( b. Jul 07, 1917 Rivers, Manitoba, CANADA - d. Oct 07, 2014 Englewood, New Jersey, USA ) Female
If there were a Tony Award for best understudy, Iva Withers might well have won repeatedly during her nearly three decades on Broadway. Though she appeared in the first Broadway run of musicals like Carousel, Oklahoma! and Guys and Dolls, she never originated a starring role of her own. Instead, Ms. Withers made a career as a backup for actresses like Julie Harris and Carol Channing.
She grew up in Winnipeg, where she began appearing in local vaudeville productions at 10 and singing in church as a teenager. She went to New York in 1940, working as a night cashier at Stouffer's restaurant while auditioning for Broadway. She went to Rodgers and Hammerstein casting calls for about a year before Richard Rodgers selected her for the Carousel chorus. In time she became Jan Clayton's understudy.
A petite blonde with a powerful voice, Ms. Withers was a Broadway utility player. "Her motto was never to learn just your own lines -- learn everybody's," her daughter said. On Sept. 15, 1945, that work ethic helped Ms. Withers become the first actress to play the lead in two hit shows in one day. She was playing Laurey Williams in Oklahoma! while understudying for Jan Clayton as Julie Jordan in Carousel when Ms. Clayton became sick before the matinee. Ms. Withers played Julie in the afternoon and Laurey that night without a hitch.
Ms. Clayton left Carousel for Show Boat in 1946, and Ms. Withers took over. She also played Julie during national and British tours and a 1949 revival. In the early 1950s Ms. Withers replaced a pregnant Ms. Channing for the touring production of Gentlemen Prefer Blondes and played Miss Adelaide in Guys and Dolls after Vivian Blaine left the cast. She backed up Tammy Grimes in the play Rattle of a Simple Man and the musicals High Spirits and The Unsinkable Molly Brown.
In 1961, when she was Ms. Grimes's standby in Molly Brown, she received a startling phone call at her West 55th Street apartment in Manhattan: Ms. Grimes had fainted during the first act. "In seven minutes I was onstage," she told The New York Journal-American, which reported that the rest of the show went smoothly and that Ms. Withers received an ovation.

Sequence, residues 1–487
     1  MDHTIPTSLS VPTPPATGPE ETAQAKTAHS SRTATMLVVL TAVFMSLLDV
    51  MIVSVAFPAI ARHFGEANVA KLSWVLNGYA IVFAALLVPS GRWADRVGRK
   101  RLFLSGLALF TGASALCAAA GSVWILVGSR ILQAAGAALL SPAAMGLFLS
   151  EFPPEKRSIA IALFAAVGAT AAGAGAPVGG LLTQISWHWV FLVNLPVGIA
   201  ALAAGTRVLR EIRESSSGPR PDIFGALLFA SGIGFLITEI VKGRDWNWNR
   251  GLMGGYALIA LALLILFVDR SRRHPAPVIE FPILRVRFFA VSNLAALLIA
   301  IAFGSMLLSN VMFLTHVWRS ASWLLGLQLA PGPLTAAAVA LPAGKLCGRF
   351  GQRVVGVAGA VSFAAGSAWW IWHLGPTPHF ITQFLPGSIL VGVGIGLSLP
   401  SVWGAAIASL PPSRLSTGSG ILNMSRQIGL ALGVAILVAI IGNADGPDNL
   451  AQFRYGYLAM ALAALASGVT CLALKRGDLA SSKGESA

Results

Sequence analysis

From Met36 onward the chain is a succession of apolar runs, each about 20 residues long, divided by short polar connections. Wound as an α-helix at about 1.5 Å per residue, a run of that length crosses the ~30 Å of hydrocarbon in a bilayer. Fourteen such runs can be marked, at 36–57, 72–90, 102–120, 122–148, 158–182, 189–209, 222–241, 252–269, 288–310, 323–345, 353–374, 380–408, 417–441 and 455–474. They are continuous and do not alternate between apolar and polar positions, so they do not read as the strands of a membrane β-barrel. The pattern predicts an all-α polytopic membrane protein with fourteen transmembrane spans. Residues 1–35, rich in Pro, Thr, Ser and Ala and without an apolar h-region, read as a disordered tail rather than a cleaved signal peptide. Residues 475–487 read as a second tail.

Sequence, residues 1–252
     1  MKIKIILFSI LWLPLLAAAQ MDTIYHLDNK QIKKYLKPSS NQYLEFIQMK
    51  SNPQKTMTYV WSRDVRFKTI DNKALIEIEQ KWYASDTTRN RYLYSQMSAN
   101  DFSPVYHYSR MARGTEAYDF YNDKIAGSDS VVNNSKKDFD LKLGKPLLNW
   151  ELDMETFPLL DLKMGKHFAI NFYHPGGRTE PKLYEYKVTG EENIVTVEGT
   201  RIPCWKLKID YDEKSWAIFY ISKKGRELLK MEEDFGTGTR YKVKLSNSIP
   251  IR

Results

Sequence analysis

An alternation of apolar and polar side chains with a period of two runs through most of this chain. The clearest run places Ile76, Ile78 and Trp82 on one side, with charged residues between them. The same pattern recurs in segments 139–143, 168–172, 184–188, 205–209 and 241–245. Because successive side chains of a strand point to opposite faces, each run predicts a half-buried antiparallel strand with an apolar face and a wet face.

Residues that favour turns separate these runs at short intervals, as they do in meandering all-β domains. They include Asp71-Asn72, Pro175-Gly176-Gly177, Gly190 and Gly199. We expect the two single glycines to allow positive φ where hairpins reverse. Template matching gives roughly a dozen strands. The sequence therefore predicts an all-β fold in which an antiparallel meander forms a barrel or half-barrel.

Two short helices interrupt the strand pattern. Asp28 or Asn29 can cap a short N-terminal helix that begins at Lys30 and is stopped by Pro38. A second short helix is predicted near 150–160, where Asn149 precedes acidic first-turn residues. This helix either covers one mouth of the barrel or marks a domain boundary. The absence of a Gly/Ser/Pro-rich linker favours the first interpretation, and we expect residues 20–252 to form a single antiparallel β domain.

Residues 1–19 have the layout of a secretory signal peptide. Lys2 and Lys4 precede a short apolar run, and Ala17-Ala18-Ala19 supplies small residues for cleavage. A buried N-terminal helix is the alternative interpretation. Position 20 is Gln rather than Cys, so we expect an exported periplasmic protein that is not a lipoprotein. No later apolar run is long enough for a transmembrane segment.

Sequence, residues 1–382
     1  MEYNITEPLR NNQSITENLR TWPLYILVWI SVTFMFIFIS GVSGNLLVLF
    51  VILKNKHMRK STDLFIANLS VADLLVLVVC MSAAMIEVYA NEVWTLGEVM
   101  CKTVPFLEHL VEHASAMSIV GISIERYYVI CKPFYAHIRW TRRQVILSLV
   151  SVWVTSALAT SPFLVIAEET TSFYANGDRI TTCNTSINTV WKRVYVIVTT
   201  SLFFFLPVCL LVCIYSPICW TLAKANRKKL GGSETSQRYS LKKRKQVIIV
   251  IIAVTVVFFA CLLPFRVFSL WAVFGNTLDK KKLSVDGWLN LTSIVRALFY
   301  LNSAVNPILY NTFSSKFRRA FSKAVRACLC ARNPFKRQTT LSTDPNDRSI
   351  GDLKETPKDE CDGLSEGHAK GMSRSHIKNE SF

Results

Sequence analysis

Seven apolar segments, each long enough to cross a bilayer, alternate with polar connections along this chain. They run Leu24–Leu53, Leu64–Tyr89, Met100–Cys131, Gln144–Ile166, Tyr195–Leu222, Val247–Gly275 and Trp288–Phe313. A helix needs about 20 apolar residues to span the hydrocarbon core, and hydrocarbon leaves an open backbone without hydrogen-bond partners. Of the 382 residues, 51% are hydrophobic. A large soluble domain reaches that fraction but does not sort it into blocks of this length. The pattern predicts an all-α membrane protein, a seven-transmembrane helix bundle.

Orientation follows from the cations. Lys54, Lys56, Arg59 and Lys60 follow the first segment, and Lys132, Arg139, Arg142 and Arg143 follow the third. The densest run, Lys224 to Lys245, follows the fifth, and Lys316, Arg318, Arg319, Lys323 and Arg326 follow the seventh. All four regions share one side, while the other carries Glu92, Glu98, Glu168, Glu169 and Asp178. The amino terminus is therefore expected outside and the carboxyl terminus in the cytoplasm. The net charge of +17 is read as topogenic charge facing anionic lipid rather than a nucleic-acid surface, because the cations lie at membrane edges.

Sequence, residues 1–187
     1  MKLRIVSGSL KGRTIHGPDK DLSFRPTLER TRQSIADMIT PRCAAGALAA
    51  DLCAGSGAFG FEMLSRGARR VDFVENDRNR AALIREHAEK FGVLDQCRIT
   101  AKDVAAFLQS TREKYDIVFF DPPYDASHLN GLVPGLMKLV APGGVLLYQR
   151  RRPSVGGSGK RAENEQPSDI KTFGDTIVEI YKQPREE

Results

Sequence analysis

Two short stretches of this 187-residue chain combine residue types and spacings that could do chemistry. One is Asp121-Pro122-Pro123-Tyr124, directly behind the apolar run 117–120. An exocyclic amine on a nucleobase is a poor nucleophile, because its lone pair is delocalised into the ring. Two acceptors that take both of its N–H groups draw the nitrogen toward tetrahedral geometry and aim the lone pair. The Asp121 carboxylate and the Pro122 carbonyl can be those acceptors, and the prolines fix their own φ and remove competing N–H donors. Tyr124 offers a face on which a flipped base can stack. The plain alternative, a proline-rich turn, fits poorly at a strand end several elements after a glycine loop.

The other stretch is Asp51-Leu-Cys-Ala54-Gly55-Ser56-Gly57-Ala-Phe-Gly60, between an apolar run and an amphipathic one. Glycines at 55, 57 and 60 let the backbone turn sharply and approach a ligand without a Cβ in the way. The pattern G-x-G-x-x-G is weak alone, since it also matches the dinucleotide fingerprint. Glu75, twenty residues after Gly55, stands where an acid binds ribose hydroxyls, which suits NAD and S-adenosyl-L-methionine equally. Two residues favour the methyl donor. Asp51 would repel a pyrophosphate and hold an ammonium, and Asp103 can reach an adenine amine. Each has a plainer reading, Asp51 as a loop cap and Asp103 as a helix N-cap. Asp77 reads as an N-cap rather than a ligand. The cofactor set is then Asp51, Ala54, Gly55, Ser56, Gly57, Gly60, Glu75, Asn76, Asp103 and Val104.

For all her winning moments onstage, Ms. Withers was not a perennial understudy by choice, and she continued to hold out hope for a star turn of her own. She finally got the chance in 1968, in the comedy Forty Carats, directed by Abe Burrows, in which she originated the minor role of Mrs. Adams. She also understudied for Ms. Harris as the female lead, Ann Stanley, and even played the Stanley role herself for a while before Zsa Zsa Gabor took over.
After Forty Carats closed in 1970, Ms. Withers struggled to find roles, and finally left Broadway. After her Broadway career, Ms. Withers returned to work as a cashier and became a physician's assistant.
"I am happy with everything that happened to me, although I had to struggle and work hard," she told The Times in a profile in 2010. "I got to work with all the greats: Meredith Willson, Jule Styne, Rodgers and Hammerstein. I'm very lucky."
Source: The New York Times obituary